Why Another Company Is Cheering Biogen’s Big Win

On June 7, 2021, the the U.S. Food and Drug Administration (FDA) made history.

It approved Biogen’s (NSDQ: BIIB) aducanumab, brand name Aduhelm. This was the first time ever that an Alzheimer’s drug has been approved.

Not surprisingly, Biogen stock soared on the news. But Eli Lilly (NYSE: LLY) stock also jumped 10% in reaction.

Does Lilly have a stake in Aduhelm and will it make money when the drug hits the market?


So what gives?

The Holy Grail of Drugs

Before we discuss the case further, a little background on Alzheimer’s and Aduhelm.

According to the Centers for Disease Control and Prevention, 5.8 million Americans are living with Alzheimer’s. By 2060 that number may reach 14 million. It is no exaggeration to say that an Alzheimer’s drug that works can surpass $10 billion a year in sales.

Many drug companies have tried to develop an Alzheimer’s drug over the years. But until this year, all had failed. That’s why the Alzheimer’s drug has been referred to as the holy grail of drug development.

In early 2015, Biogen got everyone’s hopes up when it announced that aducanumab had shown evidence of reducing the buildup of plaque in the brain associated with Alzheimer’s. The drug jumped directly into Phase 3.

Plot Twist

But four years later, in March 2019 Biogen dropped a bombshell on investors. It said that due to disappointing data in one of its two Phase-3 study, it was pulling the plug on aducanumab.

However, in another twist, just six months later Biogen says…not so fast! Apparently, in examining data from the second Phase-3 study, it saw some evidence that aducanumab works well enough to try to apply for FDA approval.

In November 2020, an independent FDA panel of experts voted almost unanimously that the clinical data did not support approval. The panel’s vote isn’t binding but it poured cold water on aducanumab’s prospects.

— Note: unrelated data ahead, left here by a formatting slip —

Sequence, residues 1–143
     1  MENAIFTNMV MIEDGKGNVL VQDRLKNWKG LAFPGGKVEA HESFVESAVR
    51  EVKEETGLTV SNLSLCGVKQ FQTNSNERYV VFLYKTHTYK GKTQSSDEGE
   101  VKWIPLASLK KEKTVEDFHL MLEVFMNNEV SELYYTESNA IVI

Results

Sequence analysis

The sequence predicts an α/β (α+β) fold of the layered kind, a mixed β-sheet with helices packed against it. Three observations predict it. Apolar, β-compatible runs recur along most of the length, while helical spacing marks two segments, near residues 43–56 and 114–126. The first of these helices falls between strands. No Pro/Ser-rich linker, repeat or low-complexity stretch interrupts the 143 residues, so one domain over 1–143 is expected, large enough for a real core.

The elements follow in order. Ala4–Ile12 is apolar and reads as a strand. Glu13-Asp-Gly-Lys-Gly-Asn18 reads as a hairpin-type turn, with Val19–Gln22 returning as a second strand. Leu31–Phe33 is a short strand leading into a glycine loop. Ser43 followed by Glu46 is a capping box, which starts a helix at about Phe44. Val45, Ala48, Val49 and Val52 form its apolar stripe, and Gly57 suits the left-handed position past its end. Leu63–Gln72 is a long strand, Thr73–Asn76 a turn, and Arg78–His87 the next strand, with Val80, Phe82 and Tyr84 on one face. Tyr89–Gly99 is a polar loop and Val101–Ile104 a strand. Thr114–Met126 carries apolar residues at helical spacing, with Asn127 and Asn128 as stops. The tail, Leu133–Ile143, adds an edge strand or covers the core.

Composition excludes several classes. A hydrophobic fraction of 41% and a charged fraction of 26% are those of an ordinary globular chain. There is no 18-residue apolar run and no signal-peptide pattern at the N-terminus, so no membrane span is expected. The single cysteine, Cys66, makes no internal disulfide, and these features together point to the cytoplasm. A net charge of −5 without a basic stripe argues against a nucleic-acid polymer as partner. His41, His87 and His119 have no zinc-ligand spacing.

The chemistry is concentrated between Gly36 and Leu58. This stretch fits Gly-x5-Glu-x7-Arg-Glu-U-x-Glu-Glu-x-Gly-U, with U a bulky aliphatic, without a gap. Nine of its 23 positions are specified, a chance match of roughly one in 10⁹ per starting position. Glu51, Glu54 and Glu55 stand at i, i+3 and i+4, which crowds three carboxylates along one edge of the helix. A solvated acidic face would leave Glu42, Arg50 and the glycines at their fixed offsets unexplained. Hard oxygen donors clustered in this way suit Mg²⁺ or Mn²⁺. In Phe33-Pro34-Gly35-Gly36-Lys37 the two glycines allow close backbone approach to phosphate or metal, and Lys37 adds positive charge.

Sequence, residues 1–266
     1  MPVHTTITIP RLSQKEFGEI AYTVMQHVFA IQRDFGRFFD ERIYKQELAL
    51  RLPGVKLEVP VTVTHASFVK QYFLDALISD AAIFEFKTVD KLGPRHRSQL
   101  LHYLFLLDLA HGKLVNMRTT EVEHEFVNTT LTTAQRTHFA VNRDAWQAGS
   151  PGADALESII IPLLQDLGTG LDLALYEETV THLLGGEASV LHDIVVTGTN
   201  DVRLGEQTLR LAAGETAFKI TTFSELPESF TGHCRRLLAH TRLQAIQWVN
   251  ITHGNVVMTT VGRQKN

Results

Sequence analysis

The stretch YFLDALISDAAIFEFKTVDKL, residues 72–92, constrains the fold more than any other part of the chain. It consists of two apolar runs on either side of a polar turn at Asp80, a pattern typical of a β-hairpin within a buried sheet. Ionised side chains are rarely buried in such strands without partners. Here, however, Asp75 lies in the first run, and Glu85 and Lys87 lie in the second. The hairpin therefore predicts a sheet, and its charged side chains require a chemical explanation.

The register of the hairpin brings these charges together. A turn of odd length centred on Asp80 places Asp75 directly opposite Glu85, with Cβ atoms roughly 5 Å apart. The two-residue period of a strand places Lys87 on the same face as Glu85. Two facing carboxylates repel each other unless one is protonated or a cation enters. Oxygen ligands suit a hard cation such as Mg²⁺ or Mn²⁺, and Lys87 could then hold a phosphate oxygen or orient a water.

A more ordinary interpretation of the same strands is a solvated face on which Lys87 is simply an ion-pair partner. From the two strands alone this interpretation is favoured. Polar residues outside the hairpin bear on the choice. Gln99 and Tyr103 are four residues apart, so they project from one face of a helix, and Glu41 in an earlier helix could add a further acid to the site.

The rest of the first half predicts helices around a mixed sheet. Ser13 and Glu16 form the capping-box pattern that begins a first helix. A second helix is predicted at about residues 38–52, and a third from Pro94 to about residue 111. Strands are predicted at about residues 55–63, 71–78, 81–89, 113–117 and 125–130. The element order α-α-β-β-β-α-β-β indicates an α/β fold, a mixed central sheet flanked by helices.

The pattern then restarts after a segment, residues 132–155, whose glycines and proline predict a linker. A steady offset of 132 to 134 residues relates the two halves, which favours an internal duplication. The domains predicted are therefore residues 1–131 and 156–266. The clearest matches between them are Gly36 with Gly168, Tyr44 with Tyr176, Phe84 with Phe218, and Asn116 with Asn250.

Because of the desperate need for an Alzheimer’s treatment, though, the FDA said “yes” anyway to a drug that may work.

In reaction, three members of the expert panel resigned in protest.

The FDA does require that Biogen and its partner Eisai run a follow-up study. They must complete another study by 2029 to prove the drug brings clinical benefit, or else the FDA could remove the drug from the market.

Why Lilly Benefits

Lilly is also working on an Alzheimer’s drug, donanemab. The drug works similarly, but not identically, to aducanumab. It’s currently in Phase 2 study.

By this point, you may have already guessed why the market thinks the Biogen approval helps Lilly.

You see, the approval of aducanumab despite questionable statistical evidence lowers the bar for donanemab, too. Donanemab’s data has been good so far but not a slam dunk. However, the clinical profile is at least as good as, if not better than, for Aduhelm, raising chances of approval. Thus, even though Aduhelm is a competitor to donanemab (if it’s approved), Aduhelm’s approval on balance helps Lilly.

Further in Lilly’s favor, shortly after the Aduhelm approval, the FDA granted Breakthrough Therapy designation to Lilly’s own Alzeimer’s drug, donanemab. Lilly announced plans to file for FDA approval of donanemab this year under the accelerated approval pathway, based on the strength of Phase 2 data even though a Phase 3 study is still ongoing.

Likely Blockbuster

This is great news for Lilly and shareholders alike. The FDA’s controversial Aduhelm approval not only increased the odds for approval of donanemab, it could shorten donanemab’s time to market, making it a major revenue contributor earlier than expected. And the sooner donanemab is commercialized, the less time Aduhelm, with its inherent first-mover advantage, would have to (potentially) entrench itself.

Donanemab, if approved, would no doubt be a blockbuster (defined as yearly sales of $1 billion or more) with an outside shot at reaching $10 billion at its peak. Lilly’s fiscal 2020 revenue was $23 billion, showing what a huge impact donanemab might make.

Unlike Biogen, which needs Aduhelm to turn its falling sales around, Lilly’s sales already are growing even without donanemab. Thus, an Alzheimer’s drug would add (a big) icing on the cake.

The lesson here is that when investing in drug companies, it is a good idea to keep tabs on what competitors are doing. Sometimes, a favorable development for a competitor may not be necessarily a bad thing for you.

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